Christianity, of all religions, has come closest to uniting the peoples of the entire world. The emergence of avatars in Africa in the 20th century maintains a continuity with the ancient prophecies found in the Bible. The True Third Secret cites biblical passages that make a case that Simeon Toko was Christ Returned—at least, different Christian ministers who considered the interpretations did not scorn their logic.

<End Part 1 of Nexus Article> 

Richard’s Note: You can continue with the second part of the Nexus article which details the life and miracles of Simeon Toko in my follow-up article ‘This African Man Brought Himself Back To Life After His Body Was Chopped To Pieces’.

The Takeaway

I look at the realization of my own ignorance about the true nature of African civilization as a spark to amp up my search for the truth behind the lies and false perceptions that have been built by Western powers who have been labelled the Cabal or the Illuminati. Much insight can be gleaned from this article as to the role of the Vatican and the Christian Church not only in their own self-aggrandizement, but as part of a larger plan for world domination by the Illuminati.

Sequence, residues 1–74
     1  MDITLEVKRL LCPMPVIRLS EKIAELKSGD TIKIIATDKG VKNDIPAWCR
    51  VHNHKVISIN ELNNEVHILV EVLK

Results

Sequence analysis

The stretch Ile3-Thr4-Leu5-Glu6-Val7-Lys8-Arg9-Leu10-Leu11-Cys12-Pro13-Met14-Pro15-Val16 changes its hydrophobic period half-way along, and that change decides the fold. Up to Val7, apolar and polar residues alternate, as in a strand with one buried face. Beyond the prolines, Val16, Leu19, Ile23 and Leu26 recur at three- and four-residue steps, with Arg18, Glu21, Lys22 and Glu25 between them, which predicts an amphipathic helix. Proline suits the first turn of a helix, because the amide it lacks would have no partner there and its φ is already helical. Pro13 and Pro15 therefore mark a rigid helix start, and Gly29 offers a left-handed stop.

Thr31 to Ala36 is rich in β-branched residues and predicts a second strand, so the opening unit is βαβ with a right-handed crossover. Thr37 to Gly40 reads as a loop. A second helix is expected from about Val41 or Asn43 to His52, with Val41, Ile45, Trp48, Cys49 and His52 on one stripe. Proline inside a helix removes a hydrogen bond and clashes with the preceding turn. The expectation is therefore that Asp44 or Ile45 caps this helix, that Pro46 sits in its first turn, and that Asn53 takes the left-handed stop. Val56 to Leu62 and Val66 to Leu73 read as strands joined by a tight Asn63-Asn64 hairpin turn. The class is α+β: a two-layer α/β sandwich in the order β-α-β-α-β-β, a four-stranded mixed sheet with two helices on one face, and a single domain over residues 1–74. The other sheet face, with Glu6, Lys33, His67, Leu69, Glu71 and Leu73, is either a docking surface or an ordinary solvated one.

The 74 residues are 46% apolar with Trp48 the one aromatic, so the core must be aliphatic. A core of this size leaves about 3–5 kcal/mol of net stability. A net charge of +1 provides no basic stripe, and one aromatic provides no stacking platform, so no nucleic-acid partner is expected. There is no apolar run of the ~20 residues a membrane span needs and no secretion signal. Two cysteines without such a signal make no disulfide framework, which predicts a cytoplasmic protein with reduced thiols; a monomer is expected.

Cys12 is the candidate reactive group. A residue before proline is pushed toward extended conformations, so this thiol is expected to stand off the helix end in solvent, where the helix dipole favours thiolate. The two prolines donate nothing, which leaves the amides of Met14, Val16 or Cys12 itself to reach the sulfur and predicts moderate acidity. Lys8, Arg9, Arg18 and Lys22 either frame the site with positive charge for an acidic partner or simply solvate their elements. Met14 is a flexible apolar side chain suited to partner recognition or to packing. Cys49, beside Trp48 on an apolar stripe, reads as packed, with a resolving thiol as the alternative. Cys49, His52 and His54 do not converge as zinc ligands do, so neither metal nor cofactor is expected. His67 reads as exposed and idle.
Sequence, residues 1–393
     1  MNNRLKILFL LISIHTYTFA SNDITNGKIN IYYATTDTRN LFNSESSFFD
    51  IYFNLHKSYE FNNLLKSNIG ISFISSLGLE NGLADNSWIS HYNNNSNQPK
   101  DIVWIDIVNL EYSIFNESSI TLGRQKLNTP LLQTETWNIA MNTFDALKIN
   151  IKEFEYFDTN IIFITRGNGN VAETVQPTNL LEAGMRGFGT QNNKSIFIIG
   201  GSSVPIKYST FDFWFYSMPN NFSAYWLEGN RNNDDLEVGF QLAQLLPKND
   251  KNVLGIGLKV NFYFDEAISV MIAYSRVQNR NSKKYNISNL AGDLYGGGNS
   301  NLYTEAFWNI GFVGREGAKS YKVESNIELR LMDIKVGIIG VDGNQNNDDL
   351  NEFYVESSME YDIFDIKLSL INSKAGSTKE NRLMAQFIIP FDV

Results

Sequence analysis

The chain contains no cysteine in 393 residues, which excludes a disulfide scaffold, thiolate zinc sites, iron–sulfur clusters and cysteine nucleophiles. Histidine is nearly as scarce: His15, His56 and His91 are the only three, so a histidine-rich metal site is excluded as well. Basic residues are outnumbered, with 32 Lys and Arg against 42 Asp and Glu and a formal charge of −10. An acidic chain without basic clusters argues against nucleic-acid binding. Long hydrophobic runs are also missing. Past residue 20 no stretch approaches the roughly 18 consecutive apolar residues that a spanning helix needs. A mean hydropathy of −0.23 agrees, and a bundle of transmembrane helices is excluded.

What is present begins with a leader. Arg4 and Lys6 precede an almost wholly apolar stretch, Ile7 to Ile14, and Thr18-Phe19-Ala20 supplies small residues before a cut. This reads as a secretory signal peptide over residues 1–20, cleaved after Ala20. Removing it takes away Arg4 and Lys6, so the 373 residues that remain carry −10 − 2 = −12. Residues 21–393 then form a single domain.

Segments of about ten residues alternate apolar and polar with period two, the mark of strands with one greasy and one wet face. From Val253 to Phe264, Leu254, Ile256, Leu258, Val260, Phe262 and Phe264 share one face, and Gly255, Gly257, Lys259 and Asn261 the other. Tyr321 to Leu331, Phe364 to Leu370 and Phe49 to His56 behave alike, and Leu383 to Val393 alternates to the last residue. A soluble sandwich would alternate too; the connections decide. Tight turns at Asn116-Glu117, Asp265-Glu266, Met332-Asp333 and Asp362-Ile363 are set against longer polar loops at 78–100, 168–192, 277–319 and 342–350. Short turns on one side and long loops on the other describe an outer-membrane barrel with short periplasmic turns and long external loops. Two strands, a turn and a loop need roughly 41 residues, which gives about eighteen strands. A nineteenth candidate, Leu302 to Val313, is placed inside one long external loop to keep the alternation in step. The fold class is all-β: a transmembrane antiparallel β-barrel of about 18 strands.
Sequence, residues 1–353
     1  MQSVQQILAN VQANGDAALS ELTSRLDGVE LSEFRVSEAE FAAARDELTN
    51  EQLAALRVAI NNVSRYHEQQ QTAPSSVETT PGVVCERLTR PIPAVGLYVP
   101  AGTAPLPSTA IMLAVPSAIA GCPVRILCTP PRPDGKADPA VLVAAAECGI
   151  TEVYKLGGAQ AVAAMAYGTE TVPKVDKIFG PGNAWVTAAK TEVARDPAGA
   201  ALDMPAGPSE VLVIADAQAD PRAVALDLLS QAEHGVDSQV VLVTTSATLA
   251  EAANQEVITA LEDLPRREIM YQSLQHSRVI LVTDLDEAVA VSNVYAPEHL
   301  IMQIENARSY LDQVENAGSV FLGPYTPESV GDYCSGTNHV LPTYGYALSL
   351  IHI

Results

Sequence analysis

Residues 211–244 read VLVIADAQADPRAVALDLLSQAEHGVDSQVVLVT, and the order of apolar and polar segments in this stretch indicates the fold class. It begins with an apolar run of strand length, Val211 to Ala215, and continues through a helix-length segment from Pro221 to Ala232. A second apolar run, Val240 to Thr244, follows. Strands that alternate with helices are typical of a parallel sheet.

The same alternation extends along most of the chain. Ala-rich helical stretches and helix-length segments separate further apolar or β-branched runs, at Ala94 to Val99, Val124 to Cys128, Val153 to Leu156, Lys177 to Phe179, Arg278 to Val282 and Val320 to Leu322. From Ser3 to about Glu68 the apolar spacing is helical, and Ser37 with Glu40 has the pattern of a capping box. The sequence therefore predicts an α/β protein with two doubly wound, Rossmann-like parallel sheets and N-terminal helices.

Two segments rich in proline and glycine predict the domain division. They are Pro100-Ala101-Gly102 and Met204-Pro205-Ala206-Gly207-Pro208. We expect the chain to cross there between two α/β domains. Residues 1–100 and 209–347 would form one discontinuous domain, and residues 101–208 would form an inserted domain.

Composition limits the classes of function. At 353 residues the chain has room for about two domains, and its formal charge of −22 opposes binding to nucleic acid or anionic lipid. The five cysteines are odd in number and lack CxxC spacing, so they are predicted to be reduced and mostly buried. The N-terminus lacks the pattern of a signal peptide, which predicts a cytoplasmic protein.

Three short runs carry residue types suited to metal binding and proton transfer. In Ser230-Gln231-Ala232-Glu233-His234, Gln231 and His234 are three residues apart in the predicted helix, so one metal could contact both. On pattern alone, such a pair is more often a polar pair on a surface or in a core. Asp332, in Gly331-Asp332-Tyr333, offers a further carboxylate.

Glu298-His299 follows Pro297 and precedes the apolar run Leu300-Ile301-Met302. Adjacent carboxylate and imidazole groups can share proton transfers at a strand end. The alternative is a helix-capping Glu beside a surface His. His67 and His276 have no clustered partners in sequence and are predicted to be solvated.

The fact that I was alerted to this important information by one of our readers is really a symbol of what we are trying to do here at CE: endeavor to work together with the Awakening Community in order to share and proliferate the truth. I have benefited greatly from the time and effort my readers have taken to comment on subjects I have written about, giving me greater confidence in some of my points of analysis and offering me greater discernment in other points. I truly feel blessed to be participating in this great awakening in the way I have been afforded in my role with CE. Our CE team has already spoken here about how, as our fundraising continues to expand, we will be coming up with new and exciting ways in which our community can become more involved with us in our shared awakening process.

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Consciousness

Dark Jewels: Mining The Gifts Of 8 Difficult Emotions

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In Brief

  • The Facts:

    Our difficult emotions are not just unpleasant experiences. They have hidden gifts, including the capacity to transform our lives into more joy and wholeness. They impart wisdom and compassion we can't find living on, or fearfully clinging to, the su

  • Reflect On:

    Which emotions do you have trouble feeling or accepting in yourself and others? These might be the frontiers you need to embrace and enter to more fully embody your life.